Since there’s no such thing as an “entry-level” Rolls-Royce, perhaps its best to break down the company’s current offerings like this: the Ghost (which happens to be the least expensive Rolls-Royce) is targeted to those who prefer to drive themselves, while the Phantom is aimed at buyers who have people to do the driving for them.
That’s not to say that all Phantom owners prefer the back seat to the front, or even that all Ghost owners drive their own cars. Of the two models, the Phantom is the more luxurious, while the newer and smaller Ghost is the more entertaining to drive.
Don’t look for big changes to the Ghost lineup for 2013, though there will likely be special editions (like the Art Deco Ghost shown at the Paris Auto Show) introduced throughout the year. Like all Rolls-Royce models, personalization options for Ghost models are limited only by the buyer’s imagination and budget, and frequently-announced special models serve to illustrate this (and capitalize on regional styling tastes).
All Ghost models come powered by a twin-turbo 6.6-liter V-12, rated at 563 horsepower and 575 pound-feet of torque. That’s more than the Phantom gets, further illustrating the fact that the Ghost is meant for those who cherish their time behind the wheel. Despite the car’s sheer mass, it can accelerate from 0-60 mph in just 4.8 seconds, on its way to a governed top speed of 155 mph. It feels more nimble in corners than you’d expect, too, but it does have a rather hefty thirst to satisfy. Even the ZF-sourced eight-speed transmission can’t help much here, as the Ghost returns just 13 mpg in the city and 20 mpg on the highway.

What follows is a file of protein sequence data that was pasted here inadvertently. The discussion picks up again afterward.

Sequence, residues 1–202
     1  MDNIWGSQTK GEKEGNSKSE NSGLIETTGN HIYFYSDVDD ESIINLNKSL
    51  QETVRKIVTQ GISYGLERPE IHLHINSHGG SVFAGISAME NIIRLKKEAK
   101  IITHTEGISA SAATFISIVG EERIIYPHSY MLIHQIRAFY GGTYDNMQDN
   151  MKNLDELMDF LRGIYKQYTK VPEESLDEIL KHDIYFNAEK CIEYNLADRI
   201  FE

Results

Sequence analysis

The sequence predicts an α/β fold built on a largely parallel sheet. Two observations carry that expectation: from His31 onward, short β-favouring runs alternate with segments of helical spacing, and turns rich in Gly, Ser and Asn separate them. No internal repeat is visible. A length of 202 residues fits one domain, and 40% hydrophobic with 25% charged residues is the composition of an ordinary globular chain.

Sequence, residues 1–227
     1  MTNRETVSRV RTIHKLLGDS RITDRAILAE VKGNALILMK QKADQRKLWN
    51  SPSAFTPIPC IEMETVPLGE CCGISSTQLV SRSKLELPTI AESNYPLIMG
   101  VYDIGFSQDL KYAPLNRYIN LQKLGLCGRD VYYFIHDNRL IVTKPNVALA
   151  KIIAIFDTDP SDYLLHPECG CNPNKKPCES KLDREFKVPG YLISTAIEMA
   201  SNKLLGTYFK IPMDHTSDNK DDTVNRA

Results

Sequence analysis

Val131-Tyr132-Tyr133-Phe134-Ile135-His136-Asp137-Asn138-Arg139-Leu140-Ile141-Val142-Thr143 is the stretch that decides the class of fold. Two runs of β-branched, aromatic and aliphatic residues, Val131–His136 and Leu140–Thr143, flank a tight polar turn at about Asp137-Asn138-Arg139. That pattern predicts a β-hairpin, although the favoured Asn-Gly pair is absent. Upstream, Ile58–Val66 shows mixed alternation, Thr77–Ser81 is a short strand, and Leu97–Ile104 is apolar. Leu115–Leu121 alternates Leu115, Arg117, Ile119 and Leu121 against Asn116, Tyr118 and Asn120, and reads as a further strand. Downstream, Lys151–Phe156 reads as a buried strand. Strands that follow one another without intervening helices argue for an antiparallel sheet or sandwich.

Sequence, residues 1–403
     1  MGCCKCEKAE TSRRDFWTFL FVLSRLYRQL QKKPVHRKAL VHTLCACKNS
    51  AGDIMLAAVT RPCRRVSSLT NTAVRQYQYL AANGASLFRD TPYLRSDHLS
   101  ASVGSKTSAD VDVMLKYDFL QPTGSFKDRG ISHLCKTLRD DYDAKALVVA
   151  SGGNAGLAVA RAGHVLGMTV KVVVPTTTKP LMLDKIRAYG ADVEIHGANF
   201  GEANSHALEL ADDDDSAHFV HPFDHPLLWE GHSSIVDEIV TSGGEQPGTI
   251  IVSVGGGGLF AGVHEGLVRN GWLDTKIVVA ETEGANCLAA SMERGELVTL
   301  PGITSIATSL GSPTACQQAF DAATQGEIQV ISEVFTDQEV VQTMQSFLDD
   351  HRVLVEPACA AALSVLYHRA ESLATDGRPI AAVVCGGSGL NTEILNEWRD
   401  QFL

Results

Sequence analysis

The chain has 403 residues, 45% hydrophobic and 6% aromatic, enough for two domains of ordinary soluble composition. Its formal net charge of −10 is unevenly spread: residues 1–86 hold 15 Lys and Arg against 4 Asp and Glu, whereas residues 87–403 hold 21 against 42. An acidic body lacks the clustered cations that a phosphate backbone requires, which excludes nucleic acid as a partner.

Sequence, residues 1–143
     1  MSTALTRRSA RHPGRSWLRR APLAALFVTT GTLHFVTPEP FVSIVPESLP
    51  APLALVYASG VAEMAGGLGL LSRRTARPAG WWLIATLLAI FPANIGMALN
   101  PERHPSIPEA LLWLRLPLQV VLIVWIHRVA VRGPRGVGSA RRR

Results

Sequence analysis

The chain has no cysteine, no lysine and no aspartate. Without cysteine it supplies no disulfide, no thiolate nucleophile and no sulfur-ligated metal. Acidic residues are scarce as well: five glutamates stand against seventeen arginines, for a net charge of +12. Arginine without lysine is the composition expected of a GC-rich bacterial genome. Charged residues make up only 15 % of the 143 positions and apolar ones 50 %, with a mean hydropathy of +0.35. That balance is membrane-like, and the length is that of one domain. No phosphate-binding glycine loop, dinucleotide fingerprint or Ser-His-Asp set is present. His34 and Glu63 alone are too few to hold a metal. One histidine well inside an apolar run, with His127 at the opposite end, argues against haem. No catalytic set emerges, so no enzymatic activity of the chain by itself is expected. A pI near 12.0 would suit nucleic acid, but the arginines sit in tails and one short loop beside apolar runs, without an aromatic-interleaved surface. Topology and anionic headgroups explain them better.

Though the Ghost shares some components with the BMW 7-Series, that’s not necessarily a bad thing. If anything, it helps ensure that the Ghost is a driver’s car, one with a substantial amount of engineering, testing and development behind it. The car’s air suspension serves up a comfortable ride, while active anti-roll and chassis stabilization systems up the performance ante when the road gets twisty. We wouldn’t call it a sport sedan, but it is as sporting an ultra-luxury model as one can procure from Rolls-Royce
Like all Rolls-Royce models, the Ghost delivers owners a premium experience, from its fine, hand-stitched leather seating through its rich wood trim and available infotainment systems. If you’re trying to convey an air of success to others, few cars on the planet accomplish this quite as well as one with the “Flying Lady” adorning the hood, and the Ghost is no exception to this time-honored rule.
If you’re wondering what the Ghost is like to drive, see our first drive report on the 2010 model, as not much has changed since this was penned. For a more comprehensive review of the 2013 Rolls-Royce Ghost, see our full write-up on The Car Connection.